You can also see the sailing ship model hanging from the roof. The river views from the front of the building are pretty impressive too, although Colin / Coleen says that when he was an inmate, they kept him too busy to enjoy the location, history, views or anything much at all:

As you've probably gathered, we liked the place a lot. A must go and see if you are in the area. Book the tour and prepare to be impressed.

Talking of "the area", we have been very disappointed by the staff in the local food shops. The lady upstairs in the chandlers was lovely. The staff trying to sell stuff in Seasalt were equally nice. The people serving in the Co-op were truly scary and the M&S folks were not at all "M&S like". Perhaps Dartmouth suffers from having too many wealthy retired types and yummy mummies living locally and not enough normal people who want to work in retail! Local house prices are interesting....

Tuesday, 26 May 2015

St Peter Port to Dartmouth

Yet another one of those trips when the best time to leave to take advantage of the tides was not practical as we wanted to leave Guernsey in daylight - too many little pot markers around in the little Russel channel to risk it in the dark. We were planning an overnight passage on Monday / Tuesday, leaving before dusk on Monday but a bad night's sleep beforehand and general sloth changed that to an early Tuesday departure.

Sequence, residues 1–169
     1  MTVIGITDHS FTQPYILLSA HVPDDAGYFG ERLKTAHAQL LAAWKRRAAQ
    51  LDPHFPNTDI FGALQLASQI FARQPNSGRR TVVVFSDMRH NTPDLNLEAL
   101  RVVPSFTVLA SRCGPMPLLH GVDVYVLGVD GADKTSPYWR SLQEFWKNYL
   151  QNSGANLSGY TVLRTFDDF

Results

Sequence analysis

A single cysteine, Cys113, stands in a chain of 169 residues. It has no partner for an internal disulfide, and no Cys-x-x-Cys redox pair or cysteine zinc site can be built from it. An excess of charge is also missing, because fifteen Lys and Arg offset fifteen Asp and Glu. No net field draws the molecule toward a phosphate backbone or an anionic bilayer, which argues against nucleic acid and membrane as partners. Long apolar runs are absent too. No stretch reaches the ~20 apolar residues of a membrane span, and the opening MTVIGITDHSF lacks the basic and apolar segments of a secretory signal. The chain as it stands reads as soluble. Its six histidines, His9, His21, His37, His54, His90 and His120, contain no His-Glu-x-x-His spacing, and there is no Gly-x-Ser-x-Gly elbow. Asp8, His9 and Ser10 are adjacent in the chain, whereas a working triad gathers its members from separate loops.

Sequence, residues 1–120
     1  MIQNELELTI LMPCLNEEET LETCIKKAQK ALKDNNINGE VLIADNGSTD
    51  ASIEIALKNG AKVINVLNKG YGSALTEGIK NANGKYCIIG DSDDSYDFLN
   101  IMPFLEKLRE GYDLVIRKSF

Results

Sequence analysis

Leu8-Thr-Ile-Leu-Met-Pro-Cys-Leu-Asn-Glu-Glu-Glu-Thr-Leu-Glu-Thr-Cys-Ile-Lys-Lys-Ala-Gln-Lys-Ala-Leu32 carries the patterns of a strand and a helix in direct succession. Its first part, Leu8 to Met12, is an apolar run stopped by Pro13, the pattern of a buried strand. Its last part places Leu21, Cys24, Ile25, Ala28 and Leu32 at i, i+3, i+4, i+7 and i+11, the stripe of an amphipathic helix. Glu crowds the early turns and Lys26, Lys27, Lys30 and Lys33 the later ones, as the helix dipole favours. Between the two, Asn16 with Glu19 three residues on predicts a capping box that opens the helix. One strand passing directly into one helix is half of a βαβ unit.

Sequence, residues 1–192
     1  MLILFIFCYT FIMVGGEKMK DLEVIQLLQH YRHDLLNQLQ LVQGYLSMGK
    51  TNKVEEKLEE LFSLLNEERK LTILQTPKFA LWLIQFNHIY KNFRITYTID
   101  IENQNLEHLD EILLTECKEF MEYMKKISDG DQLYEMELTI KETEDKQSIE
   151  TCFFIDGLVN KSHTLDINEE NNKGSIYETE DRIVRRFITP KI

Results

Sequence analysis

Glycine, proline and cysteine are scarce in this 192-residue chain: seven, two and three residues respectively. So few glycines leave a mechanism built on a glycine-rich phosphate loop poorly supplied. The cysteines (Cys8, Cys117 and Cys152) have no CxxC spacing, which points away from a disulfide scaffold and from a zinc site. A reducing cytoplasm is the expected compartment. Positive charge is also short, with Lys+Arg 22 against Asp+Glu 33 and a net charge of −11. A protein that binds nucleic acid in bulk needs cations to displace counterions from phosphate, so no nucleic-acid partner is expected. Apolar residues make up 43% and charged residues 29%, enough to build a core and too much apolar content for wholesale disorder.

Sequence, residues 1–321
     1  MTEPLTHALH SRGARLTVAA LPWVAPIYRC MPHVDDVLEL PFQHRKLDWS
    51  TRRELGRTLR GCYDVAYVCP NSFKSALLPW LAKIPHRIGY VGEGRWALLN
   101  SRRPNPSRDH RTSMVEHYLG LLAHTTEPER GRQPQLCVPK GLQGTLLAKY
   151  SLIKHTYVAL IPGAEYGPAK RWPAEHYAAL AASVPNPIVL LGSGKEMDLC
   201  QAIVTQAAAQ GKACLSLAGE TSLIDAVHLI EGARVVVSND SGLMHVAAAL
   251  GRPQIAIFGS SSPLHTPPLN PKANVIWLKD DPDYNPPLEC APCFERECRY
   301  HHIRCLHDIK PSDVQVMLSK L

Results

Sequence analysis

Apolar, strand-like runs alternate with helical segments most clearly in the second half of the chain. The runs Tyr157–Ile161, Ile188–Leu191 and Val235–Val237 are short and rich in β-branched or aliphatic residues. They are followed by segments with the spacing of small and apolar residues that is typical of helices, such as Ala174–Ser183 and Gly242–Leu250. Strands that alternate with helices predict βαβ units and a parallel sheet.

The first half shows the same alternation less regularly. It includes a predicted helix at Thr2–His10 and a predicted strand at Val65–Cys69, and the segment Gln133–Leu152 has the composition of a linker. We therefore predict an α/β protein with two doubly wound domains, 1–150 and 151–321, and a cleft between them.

The 4am alarm noise was most unwelcome. Mind you, the still harbour as we departed at 4:30am was lovely, as was the sunrise over the water. No picture this time though. The sea state was gentle - some 1.5 metre waves just off Guernsey (right on the nose of course, as usual) spiced it up a little just as a BIG pod of dolphins came over to play. They didn't stay with us for long but this was the biggest pod we had seen so far on our travels.

Crossing the shipping lane area, we missed the "Anne charm" from our outbound trip. We had to divert for this guy:

Our route, for the "stalkers" using marinetraffic.com or similar looks strange. That is because we let the tide carry us west and clear of the traffic separation scheme, then as it turned, back eastwards:

On higher magnification you can also see the "kink" in the trail the ship above caused. For non boating folks, if you "fight" the tide that runs through the channel and across a straight line course to Dartmouth, you waste lots of time and fuel. As long as the set to the west during the trip is balanced by an equivalent set to the east after the tide turns, you just steer your planned course and let it all happen around you so to speak. We ended up being pushed about 8 nautical miles to the west by the tide initially but as you see from our track, it unwound pretty quickly. We were steering a constant course throughout. Well, by "we", we mean "the nice Simrad autopilot" who doesn't get tired, loose concentration or demand a loo break.

The weather was great and it was an easy crossing. Here are two ways of seeing the approach to Dartmouth. Firstly, by mark 1 eyeball:

At the same time, this is what the flybridge plotter shows you:

It doesn't show the real beauty of the place unfortunately.

The entrance castles and fortifications are always impressive: